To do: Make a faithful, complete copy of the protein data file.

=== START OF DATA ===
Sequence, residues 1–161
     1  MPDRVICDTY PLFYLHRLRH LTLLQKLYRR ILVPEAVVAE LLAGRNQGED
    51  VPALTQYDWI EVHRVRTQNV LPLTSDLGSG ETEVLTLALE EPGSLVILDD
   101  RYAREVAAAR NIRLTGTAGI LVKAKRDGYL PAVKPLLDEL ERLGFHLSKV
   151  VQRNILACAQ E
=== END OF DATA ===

Sequence, residues 1–161
     1  MPDRVICDTY PLFYLHRLRH LTLLQKLYRR ILVPEAVVAE LLAGRNQGED
    51  VPALTQYDWI EVHRVRTQNV LPLTSDLGSG ETEVLTLALE EPGSLVILDD
   101  RYAREVAAAR NIRLTGTAGI LVKAKRDGYL PAVKPLLDEL ERLGFHLSKV
   151  VQRNILACAQ E